The math is simple: climate change may destroy civilization, and building energy use is a lot of the reason why. Yet a blame triangle prevents buildings from being the solution and not the problem. Developers say, “the design engineers don’t offer us better options.” Engineers say, “owners don’t ask for better designs and won’t spend more money without stronger regulation.” And regulators say, “we regulate with the consent of the governed, so without the support of designers and developers, there’s only so far we can go.” Nothing changes.
LESS BLAME, MORE SOLUTIONS
At a recent morning event, Fiona Cousins (Arup) called on engineers to break this logjam. If engineers know there’s a crisis (which they do) and know how to fix it (which they do), what is the possible excuse for not proposing solutions, other than the pusillanimous “I was just following orders?” Of course, if energy and carbon savings can be achieved in a budget neutral way, there will be few complaints. But whether or not they are asked directly by clients, given the nature of the threat, engineers must speak up.
Photo by Tony Tsang/ASHRAE.
HOW TO STAND UP AND SPEAK UP
Doing so may require extroversion and strong interpersonal and political skills, which Cousins admitted “engineers as a whole are not that good at.” That’s not always the case; Michael Bloomberg and Jimmy Carter are both engineers, and farther back John Roebling and Isambard Kingdom Brunel were the Steve Jobs and Elon Musk of their day. But as a whole, the field’s influence has waned to the point that there are more used car salesmen in Congress than engineers1.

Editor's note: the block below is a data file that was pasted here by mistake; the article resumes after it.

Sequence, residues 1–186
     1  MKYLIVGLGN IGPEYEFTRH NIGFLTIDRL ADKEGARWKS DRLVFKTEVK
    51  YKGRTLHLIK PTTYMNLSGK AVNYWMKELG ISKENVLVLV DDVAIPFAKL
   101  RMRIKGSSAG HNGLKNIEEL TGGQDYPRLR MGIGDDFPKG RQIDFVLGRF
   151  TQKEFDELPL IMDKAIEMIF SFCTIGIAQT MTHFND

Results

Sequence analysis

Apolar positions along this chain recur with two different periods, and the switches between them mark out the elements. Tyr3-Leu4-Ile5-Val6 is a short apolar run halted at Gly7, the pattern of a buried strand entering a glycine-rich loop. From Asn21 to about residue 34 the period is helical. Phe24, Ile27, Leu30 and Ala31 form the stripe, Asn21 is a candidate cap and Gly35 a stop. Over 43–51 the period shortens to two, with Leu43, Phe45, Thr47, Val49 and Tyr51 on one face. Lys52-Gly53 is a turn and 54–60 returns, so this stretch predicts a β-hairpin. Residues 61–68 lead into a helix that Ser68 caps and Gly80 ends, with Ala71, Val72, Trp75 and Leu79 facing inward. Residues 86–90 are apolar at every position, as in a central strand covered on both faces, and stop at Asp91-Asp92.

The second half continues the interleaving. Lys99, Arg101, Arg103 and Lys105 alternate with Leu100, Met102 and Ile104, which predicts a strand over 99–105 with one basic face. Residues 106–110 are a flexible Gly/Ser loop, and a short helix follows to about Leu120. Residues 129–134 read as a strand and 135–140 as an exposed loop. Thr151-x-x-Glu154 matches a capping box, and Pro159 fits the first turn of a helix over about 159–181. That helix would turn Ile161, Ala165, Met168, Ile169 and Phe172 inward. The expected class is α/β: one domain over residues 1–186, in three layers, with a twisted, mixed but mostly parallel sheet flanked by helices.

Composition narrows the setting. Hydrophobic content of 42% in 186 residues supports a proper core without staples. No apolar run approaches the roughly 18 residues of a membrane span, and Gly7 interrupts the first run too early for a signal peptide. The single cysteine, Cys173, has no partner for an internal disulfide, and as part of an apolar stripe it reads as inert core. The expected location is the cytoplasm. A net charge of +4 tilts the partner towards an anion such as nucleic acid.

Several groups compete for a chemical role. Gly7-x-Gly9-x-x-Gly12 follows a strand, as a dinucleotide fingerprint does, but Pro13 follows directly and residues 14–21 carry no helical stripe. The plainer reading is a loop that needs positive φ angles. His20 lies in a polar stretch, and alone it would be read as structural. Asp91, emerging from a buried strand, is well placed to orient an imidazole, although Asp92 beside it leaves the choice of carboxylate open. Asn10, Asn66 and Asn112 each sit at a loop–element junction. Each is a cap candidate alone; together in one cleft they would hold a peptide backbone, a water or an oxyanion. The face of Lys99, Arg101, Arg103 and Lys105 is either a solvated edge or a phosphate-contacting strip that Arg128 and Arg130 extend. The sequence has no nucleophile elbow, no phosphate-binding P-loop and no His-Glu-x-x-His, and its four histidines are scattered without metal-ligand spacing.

Acknowledging the old joke that “an extroverted engineer is one who looks at your shoes,” Cousins gave the audience specific ideas about how to encourage engineers to stand up and be counted. To gain speaking experience, volunteer for events. Say yes to speaking invites. Join the Toastmasters. And check out ASHRAE’s women’s and young engineer events.
TAKE THE PLUNGE
Penguins pushed into Arctic waters to prove it’s safe enough for everyone else to dive in. Engineers with social skills can lead the way by being straightforward and public with their views. Regardless of their individual personality, engineers will respond to peer pressure, work expectations, or market pressures, and relatively few leaders can steer the culture.
More broadly, architects have Architecture 2030, which has helped to galvanize their profession around a long-term commitment. Could engineers do the same? Our civilization may depend on it.
1 “Seven current Republican House members either run dealerships or managed them before coming to Washington” (https://theintercept.com/2015/11/23/car-dealers-have-their-way-with-cong... and there are three engineers (https://www.washingtonpost.com/news/the-fix/wp/2013/01/17/an-awesome-diagram-of-the-113th-congress/). I didn’t track down each Congressperson reference to ensure they haven’t been impeached or otherwise removed from office since these articles were written, so don’t shoot me if my numbers are slightly off. We’d still need a lot more engineers or a lot fewer car dealers to flip the comparison.